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Antitumoral activity of different Amaryllidaceae alkaloids: In vitro and in silico assays.

ETHNOPHARMACOLOGY RELEVANCE: The plants of Amaryllidaceae family, such as Amaryllis belladonna L., have been used as herbal remedies for thousands of years to address various disorders, including diseases that might today be identified as cancer.

AIM OF THE STUDY: The objective of this work was to evaluate the potential of three Amaryllidaceae alkaloids against four cancer cell lines.

MATERIAL AND METHODS: The alkaloids lycorine, 1-O-acetylcaranine, and montanine were evaluated in vitro against colon adenocarcinoma cell line (HCT-116) and breast carcinoma cell lines (MCF-7, MDAMB231, and Hs578T). Computational experiments (target prediction and molecular docking) were conducted to gain a deeper comprehension of possible interactions between these alkaloids and potential targets associated with these tumor cells.

RESULTS: Montanine presented the best results against HCT-116, MDAMB231, and Hs578T cell lines, while lycorine was the most active against MCF-7. In alignment with the target prediction outcomes and existing literature, four potential targets were chosen for the molecular docking analysis: CDK8, EGFR, ER-alpha, and dCK. The docking scores revealed two potential targets for the alkaloids with scores similar to co-crystallized inhibitors and substrates: CDK8 and dCK. A visual analysis of the optimal docked configurations indicates that the alkaloids may interact with some key residues in contrast to the other docked compounds. This observation implies their potential to bind effectively to both targets.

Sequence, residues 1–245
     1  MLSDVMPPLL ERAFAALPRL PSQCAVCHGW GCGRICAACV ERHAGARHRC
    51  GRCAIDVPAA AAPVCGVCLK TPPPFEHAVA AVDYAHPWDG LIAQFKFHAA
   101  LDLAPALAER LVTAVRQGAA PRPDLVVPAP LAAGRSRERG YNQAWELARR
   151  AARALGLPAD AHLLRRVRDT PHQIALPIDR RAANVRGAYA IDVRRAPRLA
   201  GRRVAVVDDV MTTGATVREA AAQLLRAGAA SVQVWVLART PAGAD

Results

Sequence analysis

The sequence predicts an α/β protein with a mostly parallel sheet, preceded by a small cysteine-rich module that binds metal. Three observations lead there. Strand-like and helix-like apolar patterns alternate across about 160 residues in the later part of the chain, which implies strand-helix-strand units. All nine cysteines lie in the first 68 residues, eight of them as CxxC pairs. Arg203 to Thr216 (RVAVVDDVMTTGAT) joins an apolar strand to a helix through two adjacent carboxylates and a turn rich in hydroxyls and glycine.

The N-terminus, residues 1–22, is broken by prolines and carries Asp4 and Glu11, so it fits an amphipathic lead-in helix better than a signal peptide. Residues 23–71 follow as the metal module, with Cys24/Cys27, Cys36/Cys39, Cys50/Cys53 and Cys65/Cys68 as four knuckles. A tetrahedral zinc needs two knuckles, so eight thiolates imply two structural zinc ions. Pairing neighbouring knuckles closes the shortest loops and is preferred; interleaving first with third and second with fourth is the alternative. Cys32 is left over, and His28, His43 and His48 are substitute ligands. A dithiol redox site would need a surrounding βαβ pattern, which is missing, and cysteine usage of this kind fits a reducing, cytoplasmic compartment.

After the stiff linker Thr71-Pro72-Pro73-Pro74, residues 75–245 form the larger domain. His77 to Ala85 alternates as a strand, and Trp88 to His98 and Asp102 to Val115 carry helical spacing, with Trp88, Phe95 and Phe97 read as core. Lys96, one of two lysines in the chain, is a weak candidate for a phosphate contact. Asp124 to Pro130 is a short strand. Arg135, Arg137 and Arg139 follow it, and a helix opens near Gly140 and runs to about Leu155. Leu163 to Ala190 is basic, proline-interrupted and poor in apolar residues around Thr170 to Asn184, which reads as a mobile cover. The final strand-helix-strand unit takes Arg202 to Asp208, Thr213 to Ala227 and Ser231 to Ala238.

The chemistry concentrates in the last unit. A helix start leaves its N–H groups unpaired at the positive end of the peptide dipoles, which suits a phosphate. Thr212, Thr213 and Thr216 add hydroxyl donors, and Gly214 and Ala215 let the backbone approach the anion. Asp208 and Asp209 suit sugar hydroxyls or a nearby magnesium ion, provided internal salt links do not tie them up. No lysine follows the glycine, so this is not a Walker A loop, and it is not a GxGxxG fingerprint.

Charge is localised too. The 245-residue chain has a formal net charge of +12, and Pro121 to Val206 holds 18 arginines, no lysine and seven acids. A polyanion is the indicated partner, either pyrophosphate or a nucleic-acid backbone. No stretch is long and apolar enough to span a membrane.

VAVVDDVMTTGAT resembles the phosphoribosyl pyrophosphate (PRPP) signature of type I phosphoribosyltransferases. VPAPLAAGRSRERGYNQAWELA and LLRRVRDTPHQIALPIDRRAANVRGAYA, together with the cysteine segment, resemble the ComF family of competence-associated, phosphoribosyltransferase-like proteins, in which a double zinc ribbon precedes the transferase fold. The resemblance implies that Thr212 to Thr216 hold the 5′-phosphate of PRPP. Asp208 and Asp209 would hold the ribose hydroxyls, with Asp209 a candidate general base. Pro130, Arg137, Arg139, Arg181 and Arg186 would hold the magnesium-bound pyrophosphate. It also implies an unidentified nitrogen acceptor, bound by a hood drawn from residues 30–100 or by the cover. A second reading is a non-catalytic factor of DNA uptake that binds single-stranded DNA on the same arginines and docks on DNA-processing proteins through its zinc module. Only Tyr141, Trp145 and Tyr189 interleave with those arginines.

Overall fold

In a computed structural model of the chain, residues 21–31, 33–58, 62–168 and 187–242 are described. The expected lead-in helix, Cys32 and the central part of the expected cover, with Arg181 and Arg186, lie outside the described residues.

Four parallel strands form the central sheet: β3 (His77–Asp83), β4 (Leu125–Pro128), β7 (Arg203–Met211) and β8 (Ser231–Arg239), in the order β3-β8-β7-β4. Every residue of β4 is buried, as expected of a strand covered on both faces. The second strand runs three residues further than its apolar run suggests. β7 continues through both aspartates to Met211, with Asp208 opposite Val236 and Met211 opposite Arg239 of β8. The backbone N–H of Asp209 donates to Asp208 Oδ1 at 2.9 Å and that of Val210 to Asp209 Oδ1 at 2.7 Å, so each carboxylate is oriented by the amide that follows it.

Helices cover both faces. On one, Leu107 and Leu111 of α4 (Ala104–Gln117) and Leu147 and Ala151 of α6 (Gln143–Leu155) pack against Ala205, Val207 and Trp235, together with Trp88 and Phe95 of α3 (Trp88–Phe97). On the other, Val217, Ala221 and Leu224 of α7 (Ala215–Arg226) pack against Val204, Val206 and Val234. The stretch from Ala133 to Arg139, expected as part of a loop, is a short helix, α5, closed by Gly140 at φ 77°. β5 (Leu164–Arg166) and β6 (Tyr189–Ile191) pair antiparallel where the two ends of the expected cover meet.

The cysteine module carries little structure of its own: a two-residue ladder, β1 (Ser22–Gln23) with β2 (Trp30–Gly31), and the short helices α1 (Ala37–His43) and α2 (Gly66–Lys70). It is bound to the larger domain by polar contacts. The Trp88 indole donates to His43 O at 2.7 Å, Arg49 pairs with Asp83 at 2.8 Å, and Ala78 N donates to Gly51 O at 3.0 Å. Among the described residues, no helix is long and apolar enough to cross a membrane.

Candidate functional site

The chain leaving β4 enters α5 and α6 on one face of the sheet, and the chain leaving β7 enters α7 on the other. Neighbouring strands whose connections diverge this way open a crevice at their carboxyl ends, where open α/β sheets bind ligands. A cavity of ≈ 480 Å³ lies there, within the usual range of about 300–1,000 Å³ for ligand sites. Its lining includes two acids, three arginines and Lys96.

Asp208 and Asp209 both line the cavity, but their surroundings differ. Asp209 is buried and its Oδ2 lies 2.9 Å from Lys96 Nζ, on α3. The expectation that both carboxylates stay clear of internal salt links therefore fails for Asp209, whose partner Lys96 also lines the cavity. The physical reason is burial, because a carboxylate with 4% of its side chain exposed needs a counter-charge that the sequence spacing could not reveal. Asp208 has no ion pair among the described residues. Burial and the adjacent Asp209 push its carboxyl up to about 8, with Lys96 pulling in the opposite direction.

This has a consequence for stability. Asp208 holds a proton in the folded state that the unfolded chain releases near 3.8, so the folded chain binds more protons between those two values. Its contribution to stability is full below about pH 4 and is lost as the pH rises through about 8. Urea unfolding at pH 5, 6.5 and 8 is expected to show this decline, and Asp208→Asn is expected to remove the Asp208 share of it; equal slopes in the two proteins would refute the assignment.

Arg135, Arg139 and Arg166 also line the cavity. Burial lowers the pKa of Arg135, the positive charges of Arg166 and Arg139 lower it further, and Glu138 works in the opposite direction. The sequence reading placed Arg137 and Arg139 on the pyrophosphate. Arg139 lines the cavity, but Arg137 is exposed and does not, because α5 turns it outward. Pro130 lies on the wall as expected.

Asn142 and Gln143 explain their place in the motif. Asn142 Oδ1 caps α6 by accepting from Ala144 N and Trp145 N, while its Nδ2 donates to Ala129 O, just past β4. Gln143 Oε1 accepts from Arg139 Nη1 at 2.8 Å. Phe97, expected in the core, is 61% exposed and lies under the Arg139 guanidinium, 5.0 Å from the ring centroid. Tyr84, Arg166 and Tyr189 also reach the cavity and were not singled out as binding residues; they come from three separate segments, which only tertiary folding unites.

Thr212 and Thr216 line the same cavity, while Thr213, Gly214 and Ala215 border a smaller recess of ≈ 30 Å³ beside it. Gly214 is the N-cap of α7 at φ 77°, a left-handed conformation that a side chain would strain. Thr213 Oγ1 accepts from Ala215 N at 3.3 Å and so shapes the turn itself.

CONCLUSIONS: In vitro and in silico results corroborate with data literature suggesting the Amaryllidaceae alkaloids as interesting molecules with antitumoral properties, especially montanine, which showed the best in vitro results against colorectal and breast carcinoma. More studies are necessary to confirm the targets and pharmaceutical potential of montanine against these cancer cell lines.

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